Taco "don't call me burrito" Wallace is the Wildcats' leading receiver, and he averages just 57.1 yards per game. Obviously, K-State is a running team and not very balanced. But don't let that fool you, they still scored 40 points on Iowa State last year in Ames while completing just 5-of-13 passes for 88 yards. When Coach Bill Snyder does call for the pass, it's usually a big play. The Wildcats have 19 pass plays of 25 yards or more this season. Therefore, discipline is what John Skladany has been preaching this week. The Cyclones will likely be forced to deploy safeties Marc Timmons, Anthony Forrest, and JaMaine Billups close to the line of scrimmage against the run. If they get too close or lose focus, we'll see a repeat or two of the 91-yard pass play Nebraska converted earlier this season. On the road, in a hostile environment, and against an opponent you haven't had a lot of success against a play like that early could get your daubers down. Nonetheless, Iowa State has better material here. Advantage: Iowa State.
This is another advantage for K-State, which traditionally ranks among the nation's leaders in this category. In terms of kicking, ISU's duo of Adam Benike and Tony Yelk ranks slightly ahead of their counterparts Joe Rheem and Travis Brown. However, on returns and coverage the Wildcats are among the nation's elite, ranking second in the country with eight special teams/defense touchdowns this season. And they've done it with blocked punts, blocked field goals, and kickoff and punt returns for touchdowns. That's bad news for an Iowa State team that surrendered a blocked punt and a punt return for a touchdown last week against Missouri on consecutive possessions. Advantage: Kansas State.
Bill Snyder has accomplished the greatest rebuilding job in the modern history of college football at Kansas State. Just scroll down the inside flap of this year's media guide and you can instantly tell he has molded the Wildcats into one of the top programs in the sport. Dan McCarney coached with Snyder on Hayden Fry's teams in the 1980s and has accomplished a similar rebuilding task in Ames. However, the Wildcats' learning curve is more accelerated than Iowa State's at this point. Also, former Cyclone assistant Bobby Elliot is now the co-defensive coordinator in Manhattan. Needless to say he's got some trade secrets. Advantage: Kansas State.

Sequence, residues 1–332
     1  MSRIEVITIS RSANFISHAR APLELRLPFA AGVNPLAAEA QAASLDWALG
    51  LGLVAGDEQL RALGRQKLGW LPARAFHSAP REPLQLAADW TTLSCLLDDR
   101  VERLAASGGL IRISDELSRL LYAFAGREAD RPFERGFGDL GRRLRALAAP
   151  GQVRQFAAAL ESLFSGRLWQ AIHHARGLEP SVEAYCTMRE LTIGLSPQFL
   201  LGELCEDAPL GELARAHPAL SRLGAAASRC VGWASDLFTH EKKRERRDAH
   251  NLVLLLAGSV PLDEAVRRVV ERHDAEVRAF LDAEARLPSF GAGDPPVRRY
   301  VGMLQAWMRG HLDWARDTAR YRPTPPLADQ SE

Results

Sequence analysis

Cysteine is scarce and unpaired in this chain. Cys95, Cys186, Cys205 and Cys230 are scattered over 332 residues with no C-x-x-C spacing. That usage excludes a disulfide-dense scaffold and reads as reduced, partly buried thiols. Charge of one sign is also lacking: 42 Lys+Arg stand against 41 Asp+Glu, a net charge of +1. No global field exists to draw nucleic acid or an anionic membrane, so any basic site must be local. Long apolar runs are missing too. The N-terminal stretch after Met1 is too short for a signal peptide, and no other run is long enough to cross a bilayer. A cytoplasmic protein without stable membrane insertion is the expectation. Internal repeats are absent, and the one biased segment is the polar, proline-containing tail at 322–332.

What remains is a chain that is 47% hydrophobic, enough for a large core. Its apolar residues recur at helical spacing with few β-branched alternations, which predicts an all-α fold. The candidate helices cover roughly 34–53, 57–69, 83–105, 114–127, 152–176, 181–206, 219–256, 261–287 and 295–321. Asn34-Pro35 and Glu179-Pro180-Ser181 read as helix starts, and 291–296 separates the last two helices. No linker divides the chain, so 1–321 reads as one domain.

This game won't necessarily decide who will win the Big 12 North Division, but it may decide who won't. Kansas State is the veteran in this situation. The Wildcats have been a regular contender for conference honors for a while now and have represented the division in the conference championship twice in the last five years. This is rarified air for the Cyclones, who haven't played in a meaningful conference game in November for over 20 years. Plus, they still haven't beaten a ranked team on the road under Dan McCarney. Kansas State is ISU's nemesis, and it knows that. The Wildcats are the program Iowa State aspires to be, and they're standing in the way of the Cyclones taking that next step. They're also playing at home where they are tough to beat. Advantage: Kansas State.
If you want to be the man, first you have to beat the man. So far, the Cyclones haven't proven they can do that. Kansas State knows it can beat the Cyclones, and Iowa State knows it can be embarrassed by the Wildcats. This game will not be played between the hash marks; it will be played between the temples.
Kansas State 30, Iowa State 17